An NBC poll released today showed some seemingly head-scratching numbers. 57% of respondents said they disapproved of Bush's handling of Iraq, compared to just 38% saying they approved. But when asked which party they think would do a better job dealing with Iraq, the GOP still led Democrats, 34%-29%. The GOP had an even wider lead in dealing with the global war on terror (GWOT), leading Dems in that category 38%-28%.

Perhaps the most striking statistic is the high proportion of voters who are undecided or think that neither party would be good at dealing with these vital issues. 37% of respondents to today's NBC poll were in the undecided/neither category on Iraq, and 34% were in the same category on GWOT. The GOP's continuing lead is not because the public has faith in the GOP's policies; it's because they have even less faith in Democrats.

Another fascinating part of this poll was the inclusion of two generic ballot tests, with each test given to half the poll's respondents. The wording of the generic GOP candidate's position was identical in both tests. The Democratic position was divided thusly:

Position A
The Democratic candidate says the United States should reduce the current troop level now that Iraq has adopted a Constitution. The Democratic candidate believes that our military has done all that it can and now is the time to set out a timetable for phased troop withdrawal over the next year or two. The Democratic candidate says that the Republicans favor a stand-still policy.

Position B
The Democratic candidate says that the United States should have an immediate and orderly withdrawal of troops from Iraq. The Democratic candidate believes that our military has done all that it can. Our continued presence is causing the never-ending insurgent attacks and we have created a breeding ground for a new generation of terrorists. The Democratic candidate says that the Republicans favor a stand-still policy.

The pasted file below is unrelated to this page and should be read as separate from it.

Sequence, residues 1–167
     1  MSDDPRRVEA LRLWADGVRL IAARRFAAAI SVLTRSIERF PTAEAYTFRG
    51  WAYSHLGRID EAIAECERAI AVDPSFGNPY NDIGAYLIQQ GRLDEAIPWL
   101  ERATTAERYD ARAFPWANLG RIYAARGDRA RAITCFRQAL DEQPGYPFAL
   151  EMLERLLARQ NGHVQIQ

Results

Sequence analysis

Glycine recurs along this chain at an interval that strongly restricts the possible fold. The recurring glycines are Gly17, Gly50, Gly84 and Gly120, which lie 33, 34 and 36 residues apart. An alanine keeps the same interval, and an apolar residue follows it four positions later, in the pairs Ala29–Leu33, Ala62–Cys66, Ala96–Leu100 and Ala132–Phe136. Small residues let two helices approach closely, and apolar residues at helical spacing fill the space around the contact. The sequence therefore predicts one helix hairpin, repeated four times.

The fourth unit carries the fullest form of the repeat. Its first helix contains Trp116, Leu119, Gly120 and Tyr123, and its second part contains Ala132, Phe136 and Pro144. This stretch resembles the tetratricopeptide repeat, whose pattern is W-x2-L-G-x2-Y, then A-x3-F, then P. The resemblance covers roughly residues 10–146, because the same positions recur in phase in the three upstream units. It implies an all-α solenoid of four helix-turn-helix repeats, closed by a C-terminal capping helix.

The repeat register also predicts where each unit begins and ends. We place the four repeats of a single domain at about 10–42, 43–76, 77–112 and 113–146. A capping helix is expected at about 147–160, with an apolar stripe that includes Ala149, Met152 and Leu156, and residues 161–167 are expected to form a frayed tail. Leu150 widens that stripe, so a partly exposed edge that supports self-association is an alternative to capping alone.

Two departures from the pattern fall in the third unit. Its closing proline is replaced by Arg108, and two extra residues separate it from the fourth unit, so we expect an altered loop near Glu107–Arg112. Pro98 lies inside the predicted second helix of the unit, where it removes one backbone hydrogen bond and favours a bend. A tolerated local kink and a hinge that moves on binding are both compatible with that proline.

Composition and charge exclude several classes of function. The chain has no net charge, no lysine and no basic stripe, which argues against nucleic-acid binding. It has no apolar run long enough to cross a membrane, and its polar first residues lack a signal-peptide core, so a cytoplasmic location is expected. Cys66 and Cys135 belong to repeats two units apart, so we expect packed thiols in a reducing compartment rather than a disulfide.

Using Position A, the generic Democrat led his GOP opponent 53-40. Using Position B, the GOP candidate led 48-41. Whether we are willing to admit it or not, it's not enough to slam Bush and call for an end to the war in Iraq. We have to propose a solution that is not simply bringing all the troops home.

Polls clearly show that the public has lost faith in the War in Iraq - a recent Gallup poll showed that 54% of Americans thought the US military actions in the Middle East is creating more terrorists than it was eliminating. But they still feel GWOT must be fought somewhere, and simply don't trust Democrats on that yet - even a Democratic polling firm found that the GOP maintains double digit leads over Democrats on dealing with both terrorism (47-33) and national security (47-34).

And that's where Ned Lamont's statement comes in.

Lamont proposed that troops in Iraq be shifted to Afghanistan to fight the terrorists there. This could be the silver bullet for Democrats if other candidates pick up on it. It's the perfect middle ground between the "cut and run" and "stay and pray" mantras that both sides are hurling at each other, and are all too unwilling to disavow as equally unworkable.

From a practical standpoint, it would get our troops in Iraq out of the continuing quagmire that is unfolding there, where there is little hope of eradicating the major terrorist networks, but much risk of creating more terrorists. From an electoral standpoint, it would severely undercut the GOP's "cut and run" message, since the suggestion could not be viewed as a retreat, but only as a refocusing of our troops to where they should be - hunting down Bin Laden and eradicating the people who harbored him.

That's the message the Democrats can win on, and finally end Americans' GOP-created fears that the Democratic party is either unwilling or unable to keep the country's safe. Now, the Democratic candidates need to find the brains and the guts to make Lamont's suggestion a party-wide platform for the home stretch of these elections.

No Shame at All

I find I don't engage righties any more simply because of the overwhelming need to take a shower afterwards.

Unfortunately, the same has become true of Lieberman supporters. I don't even read the comments here any more for that reason. I don't need the aggravation.

Democrats have shown they can go just as disgustingly negative as Republicans. Honestly; a man devotes time to teaching inner-city kids and Dan Gerstein thinks that's somehow a liability.

What the hell is wrong with Dan Gerstein, or anyone who buys into these repulsive attacks? Very simple. They're Republicans.

Friday, September 08, 2006

Proof Found: Lieberman Campaign Lied about David Sirota

David Sirota found the emails that prove beyond a ghost of a shadow of a doubt that the Lieberman campaign simply and deliberately lied about Sirota asking them for a job. Game, set, match.

This is not a misunderstanding; these are not good people. I will not support them, and neither should you.